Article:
Maximum Storage Temperature of Canned Food

Chopped tomatoes in metal can in wooden table top view


Canned foods are processed and preserved in airtight containers for future use. Stored under recommended conditions, canned foods provide a safe and convenient alternative when fresh foods are not available. Despite their rugged look, storage cans are not indestructible and require a certain level of care during storage. Exposing cans to excessive temperatures compromises the integrity of the container, putting the food inside at risk of becoming unsafe to eat.

Ideal Storage

The ideal storage conditions for canned goods are cool and dry, with steady temperatures between 50 and 70 degrees Fahrenheit. Keep canned foods away from direct sunlight or water pipes, furnaces, hot water heaters or cooking appliances that may produce heat. Garages and uninsulated buildings or storage facilities are not ideal for storage because of extreme temperature fluctuations. Designate a cabinet and cupboard inside your home where temperatures remain steady.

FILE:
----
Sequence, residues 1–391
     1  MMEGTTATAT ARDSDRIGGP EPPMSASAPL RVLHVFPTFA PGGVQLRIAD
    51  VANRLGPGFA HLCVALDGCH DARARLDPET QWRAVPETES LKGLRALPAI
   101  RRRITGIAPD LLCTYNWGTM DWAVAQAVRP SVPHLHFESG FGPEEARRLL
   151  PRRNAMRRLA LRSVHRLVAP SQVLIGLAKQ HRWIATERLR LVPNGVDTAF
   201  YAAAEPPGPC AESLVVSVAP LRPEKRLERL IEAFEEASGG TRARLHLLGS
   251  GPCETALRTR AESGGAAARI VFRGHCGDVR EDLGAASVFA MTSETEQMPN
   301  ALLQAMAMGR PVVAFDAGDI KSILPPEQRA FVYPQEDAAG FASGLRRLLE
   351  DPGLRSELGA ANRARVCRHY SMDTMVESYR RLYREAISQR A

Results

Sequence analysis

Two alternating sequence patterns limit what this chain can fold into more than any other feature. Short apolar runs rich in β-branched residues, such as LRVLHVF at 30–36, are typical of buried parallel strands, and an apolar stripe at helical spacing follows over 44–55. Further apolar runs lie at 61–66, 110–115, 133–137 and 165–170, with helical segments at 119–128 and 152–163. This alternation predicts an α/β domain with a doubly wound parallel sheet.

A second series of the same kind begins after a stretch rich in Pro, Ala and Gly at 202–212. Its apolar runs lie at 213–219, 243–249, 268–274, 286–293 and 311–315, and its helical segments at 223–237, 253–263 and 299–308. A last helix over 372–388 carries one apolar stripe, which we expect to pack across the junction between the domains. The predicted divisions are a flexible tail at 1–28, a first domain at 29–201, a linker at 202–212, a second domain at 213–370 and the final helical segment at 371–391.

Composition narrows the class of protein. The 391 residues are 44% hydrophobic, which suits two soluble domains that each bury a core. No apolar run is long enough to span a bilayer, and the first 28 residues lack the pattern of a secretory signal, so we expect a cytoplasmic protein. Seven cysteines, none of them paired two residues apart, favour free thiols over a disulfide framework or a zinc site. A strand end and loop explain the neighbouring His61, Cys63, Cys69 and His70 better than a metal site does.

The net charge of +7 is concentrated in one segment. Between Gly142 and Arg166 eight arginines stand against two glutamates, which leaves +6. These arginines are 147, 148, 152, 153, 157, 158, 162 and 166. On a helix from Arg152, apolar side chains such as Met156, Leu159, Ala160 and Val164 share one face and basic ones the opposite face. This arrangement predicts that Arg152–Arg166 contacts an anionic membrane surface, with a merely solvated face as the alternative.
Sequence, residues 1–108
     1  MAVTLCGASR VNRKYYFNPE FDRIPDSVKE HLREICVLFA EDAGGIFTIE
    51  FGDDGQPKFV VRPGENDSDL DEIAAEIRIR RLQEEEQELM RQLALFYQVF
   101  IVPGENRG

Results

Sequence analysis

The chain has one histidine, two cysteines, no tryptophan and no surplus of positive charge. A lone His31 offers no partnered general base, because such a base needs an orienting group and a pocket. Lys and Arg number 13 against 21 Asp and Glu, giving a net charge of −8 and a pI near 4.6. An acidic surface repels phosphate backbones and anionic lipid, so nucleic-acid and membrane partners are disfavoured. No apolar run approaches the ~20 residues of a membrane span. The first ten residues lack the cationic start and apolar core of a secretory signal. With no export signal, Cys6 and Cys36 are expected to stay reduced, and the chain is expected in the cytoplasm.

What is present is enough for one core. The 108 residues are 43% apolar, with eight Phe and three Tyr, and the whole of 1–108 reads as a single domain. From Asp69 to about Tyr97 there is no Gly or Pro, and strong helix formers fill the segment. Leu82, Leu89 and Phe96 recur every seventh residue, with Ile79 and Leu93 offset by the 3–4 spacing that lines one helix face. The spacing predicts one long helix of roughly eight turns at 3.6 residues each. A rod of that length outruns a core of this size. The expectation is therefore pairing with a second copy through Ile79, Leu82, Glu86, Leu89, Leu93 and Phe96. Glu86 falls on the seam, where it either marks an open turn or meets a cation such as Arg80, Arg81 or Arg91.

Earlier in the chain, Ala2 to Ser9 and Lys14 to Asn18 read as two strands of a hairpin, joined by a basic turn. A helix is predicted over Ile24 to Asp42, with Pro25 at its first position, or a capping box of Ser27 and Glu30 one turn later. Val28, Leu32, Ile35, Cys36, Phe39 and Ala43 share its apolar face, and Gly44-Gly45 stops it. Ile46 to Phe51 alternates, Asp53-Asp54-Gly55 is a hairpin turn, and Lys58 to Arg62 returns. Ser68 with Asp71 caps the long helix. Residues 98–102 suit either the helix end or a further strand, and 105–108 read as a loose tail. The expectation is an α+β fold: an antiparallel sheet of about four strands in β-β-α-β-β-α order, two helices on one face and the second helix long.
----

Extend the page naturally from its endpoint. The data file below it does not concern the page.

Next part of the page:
Higher Temperatures

Canned goods that remain in temperatures above 70 degrees F for extended periods are prone to loss of nutrients and overall food quality. Once the temperatures reach 100 degrees F or more, the safety of the food stored in the cans comes into question. Prolonged storage in high temperatures causes foods to react with the inside of the cans. Eventually, the cans may become corroded and the food may become unsafe to eat.

Signs of Spoilage

Look for signs of damage in cans stored in excessive temperatures. Once a can is damaged, spoilage is sure to follow. Bulging or loose lids, for example, are a sign of spoilage. Some cans will actually begin to leak and weaken along the seams. Bad odors emitting from the can are also a sign that the food inside is spoiled and should not be eaten.

Recommended Storage Times

How long canned goods are stored is just as important as the storage temperatures. Always use the oldest cans in your cabinet first. Discard low-acid canned foods -- most vegetables -- after 12 months. Discard all canned meats and seafood after 12 months as well. Higher-acid foods, such as canned fruits and pickled items, usually keep for up to 18 months. Consume canned fruit juices within three years.